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Public-Private Health Law: Multiple Directions in Public Health
10 J. Health Care L. & Pol’y 89 (2007)
  • Nan D. Hunter, Brooklyn Law School

Public health law has been a quintessentially public law field, centered around a system of administrative agencies. In some respects, the field is moving even closer to the core of governmental functions. Since September 11, the 2001 anthrax attacks and Hurricane Katrina, the conceptual framework of emergency preparedness and response has subsumed ever larger segments of public health policymaking. Emergency planning has become an important discourse of governance, one which reveals a great deal about the operations of state power. In this article, I identify three approaches to governance embedded in today's public health law and policy. The first and most traditional approach to governance is that of dominant state authority. What is notable is how this approach is being strengthened by a trend toward greater centralization and hierarchy in infectious disease control, pushing public health into a tighter command and control structure. I describe how this framing process has the effect of melding population health concerns and the security state, as well as insinuating a discourse of emergency response into non-emergency policy-making. The second governance model in the public health field is the public-private administrative model. Although public-private models for administrative governance are relatively new to public health compared to many other fields, calls for partnerships with the private sector for the purpose of achieving population health goals are growing. Increasingly, private sector entities are implicated in the state's matrix of collaborative public health institutions. The third governance construct is based on the insight from governmentality theory that the state already permeates the private sector even without formal authority; power flows back and forth between public and private entities through a multiplicity of channels and technologies. New federal proposals for "modern quarantine" provide an example. "Modern quarantine" policies would depend on the public's instinct to voluntarily sequester themselves in a pandemic, thus utilizing indirect and less coercive methods to control the spread of infectious disease. However, this proposal fails to engage with the full dimensions of the public sector role that would be necessary to enable people to remain at home for three months or more. It cannot succeed without mandates and incentives emanating from the state, a reality which official policy documents have elided. From this analysis we can learn a great deal about both current directions in public health policy and about the utility and limitations of new governance theory. The three governance trends taken together exemplify a paradox fundamental to contemporary political debates: how the same apparatus can be intensifying as a security state while at the same time deploying new governance and privatization initiatives. The concept of modern quarantine demonstrates that serious complications lurk beneath the surface when policymakers engage in shallow invocations of new regulatory rhetoric.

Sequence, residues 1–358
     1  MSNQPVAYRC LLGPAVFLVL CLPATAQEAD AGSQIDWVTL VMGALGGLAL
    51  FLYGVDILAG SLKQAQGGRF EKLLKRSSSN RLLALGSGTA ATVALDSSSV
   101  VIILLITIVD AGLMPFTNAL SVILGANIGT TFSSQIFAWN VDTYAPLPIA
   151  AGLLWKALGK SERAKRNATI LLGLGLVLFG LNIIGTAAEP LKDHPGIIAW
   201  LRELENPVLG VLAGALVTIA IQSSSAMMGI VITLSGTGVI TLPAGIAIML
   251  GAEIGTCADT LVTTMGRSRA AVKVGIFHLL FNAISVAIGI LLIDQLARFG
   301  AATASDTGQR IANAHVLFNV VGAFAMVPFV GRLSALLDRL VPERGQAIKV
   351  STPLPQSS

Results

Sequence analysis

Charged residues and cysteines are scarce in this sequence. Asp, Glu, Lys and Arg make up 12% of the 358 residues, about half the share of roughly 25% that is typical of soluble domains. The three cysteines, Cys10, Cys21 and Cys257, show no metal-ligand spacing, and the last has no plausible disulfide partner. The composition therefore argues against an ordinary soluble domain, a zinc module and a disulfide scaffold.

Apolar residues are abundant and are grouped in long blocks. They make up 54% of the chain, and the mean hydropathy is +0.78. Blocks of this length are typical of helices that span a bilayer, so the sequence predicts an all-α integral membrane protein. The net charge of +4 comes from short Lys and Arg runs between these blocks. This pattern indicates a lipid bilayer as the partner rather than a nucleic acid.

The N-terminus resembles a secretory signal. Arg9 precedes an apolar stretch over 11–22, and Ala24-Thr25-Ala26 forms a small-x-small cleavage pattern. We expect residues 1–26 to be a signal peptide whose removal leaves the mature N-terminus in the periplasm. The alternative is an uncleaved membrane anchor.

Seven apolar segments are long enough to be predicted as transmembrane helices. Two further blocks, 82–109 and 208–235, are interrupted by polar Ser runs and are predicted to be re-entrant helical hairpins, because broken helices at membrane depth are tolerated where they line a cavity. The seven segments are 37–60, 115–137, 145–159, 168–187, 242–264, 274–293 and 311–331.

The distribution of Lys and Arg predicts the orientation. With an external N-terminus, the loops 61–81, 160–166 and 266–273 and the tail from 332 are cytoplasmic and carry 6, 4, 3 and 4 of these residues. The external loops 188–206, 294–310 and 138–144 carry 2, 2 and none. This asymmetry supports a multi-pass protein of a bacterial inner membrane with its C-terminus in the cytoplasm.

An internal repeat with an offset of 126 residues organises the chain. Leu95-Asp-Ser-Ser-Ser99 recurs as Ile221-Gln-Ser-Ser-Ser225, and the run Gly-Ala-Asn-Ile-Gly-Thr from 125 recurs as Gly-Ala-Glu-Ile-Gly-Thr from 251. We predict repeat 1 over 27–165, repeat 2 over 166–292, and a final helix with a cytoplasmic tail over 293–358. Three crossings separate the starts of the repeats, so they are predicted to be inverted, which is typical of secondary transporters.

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Citation Information
Nan D. Hunter. "Public-Private Health Law: New Directions in Public Health," 10 J. Health Care L. & Pol’y 89 (2007)